Manual Race in North America: Origin and Evolution of a Worldview (4th Edition)

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As many scholars have underscored, and as this essay has suggested up to this point, Dobzhansky was a committed social activist devoted to using scientific knowledge to address social, political, and philosophical questions.

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His work on tropical D. This communication between Mayr and Dobzhansky raises two questions: First, how did Dobzhansky connect Drosophila genetics with human culture and society? And second, in making this connection at least as he did with Mayr , why did he mention D. Dobzhansky articulated his understanding of evolution, culture, and society over several decades in a number of publications addressed to both scientific and lay audiences.

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Essentially, he believed that the process of organismic evolution that is common to all species led sapient humans in particular to a new phase of cultural evolution, because whenever possible, natural selection promoted flexible traits, and learning was a most flexible method for coping with environmental changes.

Dobzhansky further supposed that the flexibility or plasticity afforded by the capacity for learning was particularly significant for human beings, since in addition to otherwise expected environmental changes, our species vigorously engages in transforming our own environments; indeed, Dobzhansky believed that selection for this ability was so vital for humans that it became a common trait across all populations and races Dobzhansky, Montagu, ; see also Dunn, Dobzhansky, ; Dobzhansky, , b , , ; for secondary literature, see Beatty, ; Jackson, Depew, It should be noted, however, that although this is not how he expressed his views to Mayr in , Dobzhansky continued to argue on many occasions that underlying genetic variation was important for human populations, even as our species entered this new phase of cultural evolution made possible by the generation of such developmentally plastic characteristics as educability.

After all, developmental plasticity was augmented in heterozygosis. In the case of human learning in particular, Dobzhansky believed that all kinds of human differences, including the ability to learn and perform different tasks and jobs well, must have had at least some genetic component or influence, and consequently benefited from genetic variation in human populations Beatty, ; Paul, This is not to be confused with crude biological determinism, however; Ayala , posits a modest biological ability for morality as opposed to a genetically determined content of moral codes , maintaining that the norms human beings use to judge good and evil are largely learned from culture, although he adds that they may be conditioned by some biological predispositions such as parental care.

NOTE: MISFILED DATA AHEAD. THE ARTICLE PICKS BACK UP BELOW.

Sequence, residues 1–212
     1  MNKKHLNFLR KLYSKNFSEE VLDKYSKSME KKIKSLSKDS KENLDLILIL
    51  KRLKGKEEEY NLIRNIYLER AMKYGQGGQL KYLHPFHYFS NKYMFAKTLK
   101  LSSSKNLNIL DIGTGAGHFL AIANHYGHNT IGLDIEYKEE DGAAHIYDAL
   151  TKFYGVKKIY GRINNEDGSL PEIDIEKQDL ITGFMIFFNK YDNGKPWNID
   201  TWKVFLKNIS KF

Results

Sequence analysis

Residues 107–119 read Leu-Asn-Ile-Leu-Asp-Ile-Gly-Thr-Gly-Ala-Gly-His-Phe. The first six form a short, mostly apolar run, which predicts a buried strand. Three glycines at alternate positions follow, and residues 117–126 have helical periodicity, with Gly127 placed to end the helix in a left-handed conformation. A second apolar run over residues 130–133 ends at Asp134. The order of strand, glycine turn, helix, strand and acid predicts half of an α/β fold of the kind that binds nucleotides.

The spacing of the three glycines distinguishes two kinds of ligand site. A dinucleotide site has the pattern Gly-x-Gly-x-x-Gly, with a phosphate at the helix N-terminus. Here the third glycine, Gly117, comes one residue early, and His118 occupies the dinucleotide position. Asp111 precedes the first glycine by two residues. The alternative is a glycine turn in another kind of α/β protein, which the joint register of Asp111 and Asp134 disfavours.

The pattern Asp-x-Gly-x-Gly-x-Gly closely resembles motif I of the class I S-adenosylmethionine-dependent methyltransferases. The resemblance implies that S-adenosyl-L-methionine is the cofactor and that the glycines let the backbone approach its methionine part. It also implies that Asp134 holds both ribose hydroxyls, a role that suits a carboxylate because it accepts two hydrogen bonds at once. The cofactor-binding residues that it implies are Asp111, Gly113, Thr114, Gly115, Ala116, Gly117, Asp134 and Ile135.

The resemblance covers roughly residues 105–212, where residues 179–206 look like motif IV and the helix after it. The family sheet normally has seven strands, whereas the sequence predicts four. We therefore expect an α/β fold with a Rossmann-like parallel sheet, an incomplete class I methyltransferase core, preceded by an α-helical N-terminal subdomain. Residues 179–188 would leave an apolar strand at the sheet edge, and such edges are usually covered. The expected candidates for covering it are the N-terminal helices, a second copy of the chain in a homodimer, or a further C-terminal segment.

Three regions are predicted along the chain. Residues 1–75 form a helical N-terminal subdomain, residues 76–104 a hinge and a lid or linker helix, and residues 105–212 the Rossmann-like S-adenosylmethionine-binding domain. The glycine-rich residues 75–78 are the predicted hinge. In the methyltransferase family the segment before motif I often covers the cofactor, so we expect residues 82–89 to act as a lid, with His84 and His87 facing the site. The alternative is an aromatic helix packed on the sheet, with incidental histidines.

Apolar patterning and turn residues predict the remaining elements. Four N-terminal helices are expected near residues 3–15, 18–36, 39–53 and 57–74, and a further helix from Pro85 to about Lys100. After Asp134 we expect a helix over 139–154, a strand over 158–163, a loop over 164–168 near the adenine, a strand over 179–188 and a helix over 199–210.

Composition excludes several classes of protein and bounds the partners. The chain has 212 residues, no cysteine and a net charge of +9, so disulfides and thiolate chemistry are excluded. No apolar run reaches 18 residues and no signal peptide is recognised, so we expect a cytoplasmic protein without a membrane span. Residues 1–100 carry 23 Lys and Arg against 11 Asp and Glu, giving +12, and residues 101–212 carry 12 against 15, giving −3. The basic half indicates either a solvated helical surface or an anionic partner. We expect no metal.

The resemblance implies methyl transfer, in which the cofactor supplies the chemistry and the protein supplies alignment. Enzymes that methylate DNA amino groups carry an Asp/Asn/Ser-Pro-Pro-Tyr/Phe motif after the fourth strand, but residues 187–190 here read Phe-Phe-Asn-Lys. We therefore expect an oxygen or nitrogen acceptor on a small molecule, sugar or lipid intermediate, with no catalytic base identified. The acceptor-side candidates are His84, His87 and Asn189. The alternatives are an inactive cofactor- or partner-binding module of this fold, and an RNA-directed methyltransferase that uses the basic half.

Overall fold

As for the second question raised above, whether Dobzhansky specifically referred to D. But were we to stop here, we would assume a relationship between science and society that itself must be interrogated as a historical, political project. Enjoying a form of extra-political authority, Dobzhansky positioned himself as arbiter of what is the case — how evolution has taken place and what populations are like — and what must be done about it. Therefore, in contrast with his mentor who sought to expand the reach of population genetics science to claim authority over public concerns about race, Lewontin contended with the problem of race by demarcating narrower boundaries around population genetics science.

The evolution of Theodosius Dobzhansky : essays on his life and thought in Russia and America.

Race in North America: Origin and Evolution of a Worldview 4th Edition

Filipchenko and Dobzhansky: issues in evolutionary genetics in the s. In: Adams, Mark. Spreading the evolutionary synthesis: Theodosius Dobzhansky and genetics in Brazil.